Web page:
Lawrence author’s ‘Belittled Women’ is a contemporary twist on a beloved classic
photo by: Mike Yoder
Amanda Sellet evidently had way more fun writing 2022’s “Belittled Women” than Louisa May Alcott did writing 1868’s “Little Women.”
But perhaps that’s not surprising. Alcott wrote her novel a bit begrudgingly — at the behest of a male publisher who wanted a book about girls. Judging by Alcott’s letters, she didn’t enjoy the task much, and she certainly didn’t anticipate that her quiet, domestic tale about the March family would become one of the most widely read novels in the world, let alone inspire countless authors — like Lawrence’s own Sellet — 150 years hence.
“Apparently she called it ‘The Pathetic Family’; that was her working title,” Sellet says of Alcott, “and she thought ‘this is going to be really insipid and who’s going to care?’ And ‘this is so boring’ … and her publisher was like, ‘nope, they’re going to eat this up,'” and no one, Sellet notes, was ever more right.
Sellet chose the cheeky title “Belittled Women” partially out of a “weakness for puns,” she confesses, but also because it “really seemed appropriate,” even though some might at first mistake the title as a negative reflection on the original.
“The book itself is really dealing with that question of does ‘Little Women’ belittle women in some way?” Sellet says. And is a “conventional mold of femininity belittling to women?”
Sellet’s book, set in semi-rural Kansas instead of Civil War-era Massachusetts, is narrated by a modern-day Jo, a high schooler who runs cross country and daydreams about winning an athletic scholarship to a college with a “grassy quadrangle, autumn leaves and lots of wool” somewhere far from her quirky mother’s obsession with running a “third-rate tourist attraction” called “Little Women Live!” — a spectacle that jeans-and-T-shirt Jo is obligated to perform in, pinafore and all, as she bickers nonstop with her sisters Amy and Meg. (Sellet’s book lacks Alcott’s tragic Beth, at least one that is permanently part of the family).
The genteel poverty of Alcott’s March family in Sellet’s hands is rendered in details like “an ancient station wagon lacking any hint of vintage coolness,” “a stretched-out suburb with flat expanses of patchy grass,” a weathered gray house and other indicators of a family’s hand-to-mouth existence.
Like the original, her book isn’t concerned with epic drama so much as regular things that happen to everyday people.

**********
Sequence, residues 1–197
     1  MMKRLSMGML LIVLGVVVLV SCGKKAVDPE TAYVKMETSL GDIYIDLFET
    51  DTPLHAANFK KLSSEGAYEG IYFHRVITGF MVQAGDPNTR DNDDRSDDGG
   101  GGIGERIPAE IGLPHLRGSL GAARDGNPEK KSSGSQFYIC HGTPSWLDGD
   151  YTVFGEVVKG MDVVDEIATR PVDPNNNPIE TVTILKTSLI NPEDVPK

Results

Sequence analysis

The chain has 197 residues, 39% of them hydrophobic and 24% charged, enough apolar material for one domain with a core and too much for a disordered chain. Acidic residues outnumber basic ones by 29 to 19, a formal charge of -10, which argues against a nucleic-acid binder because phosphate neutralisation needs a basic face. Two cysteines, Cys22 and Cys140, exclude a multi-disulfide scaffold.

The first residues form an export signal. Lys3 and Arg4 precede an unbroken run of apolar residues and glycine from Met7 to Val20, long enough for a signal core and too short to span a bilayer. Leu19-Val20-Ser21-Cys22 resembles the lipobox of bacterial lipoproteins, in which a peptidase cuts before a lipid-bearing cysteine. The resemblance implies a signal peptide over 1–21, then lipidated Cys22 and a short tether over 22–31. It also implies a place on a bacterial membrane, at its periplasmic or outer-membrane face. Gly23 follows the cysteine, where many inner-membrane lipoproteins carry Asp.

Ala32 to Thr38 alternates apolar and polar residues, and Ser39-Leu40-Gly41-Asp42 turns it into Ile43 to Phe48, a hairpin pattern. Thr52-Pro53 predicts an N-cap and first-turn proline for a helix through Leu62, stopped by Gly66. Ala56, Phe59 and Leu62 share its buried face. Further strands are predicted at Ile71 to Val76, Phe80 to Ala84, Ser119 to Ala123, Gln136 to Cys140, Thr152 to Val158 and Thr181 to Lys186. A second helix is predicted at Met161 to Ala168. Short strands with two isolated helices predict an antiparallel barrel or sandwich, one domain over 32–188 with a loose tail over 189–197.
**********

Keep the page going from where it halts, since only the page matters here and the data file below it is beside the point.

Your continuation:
“It’s similar to ‘Little Women,'” Sellet says, in that it explores themes of growing up, fitting into a family when you differ from your siblings, disagreeing with people you love and feeling stifled by societal expectations. But it’s “just kind of twisted … It’s a very sassy and sarcastic kind of book, so people have to have a sense of humor about ‘Little Women’ and not necessarily be total purists about it.”
Sellet, in her early 50s now, grew up on the East and West Coasts with Alcott’s book as a kind of touchstone, not least because her own mom was a children’s librarian and was well-versed in the classic.
“It’s something that I knew really well. It was always part of the family, something to be quoted. … Every time one of us got a bad haircut, it would be, ‘Oh, Jo, your one beauty!'” (a reference to Alcott’s Jo cutting off her own hair for a good cause).
Sellet has her own teenage daughter now, and the Free State sophomore proved an invaluable sounding board in writing about contemporary teen girls.
She’s “my slang dictionary,” Sellet says, as well as a kind of “cringe” barometer.
Additionally, Sellet notes that the gulf between teenage life in the 1980s, when Sellet grew up, and now can often seem as wide as that between the 1840s, when Alcott was a teenager, and the 1980s.
“I mean just technology alone — if you just take the smartphone and social media and how that has transformed the world … but, beyond that, what they’re interested in, what they’re concerned about, what they want and their dreams … a lot of that has actually shifted. So I’m very glad to have a teenager in the house because I can just sort of get a slight reality check.”
The release date of “Belittled Women” by Clarion Books, an imprint of HarperCollins Publishers, is Nov. 29, which happens to be Alcott’s 190th birthday, but the publisher is allowing the book to be sold a few days early for Small Business Saturday this weekend.
Sellet will be at The Raven Book Store, 809 Massachusetts St., at 3:30 p.m. for signings. For the full lineup of Saturday events and authors, see ravenbookstore.com.
“People should feel free to come say hi,” Sellet says.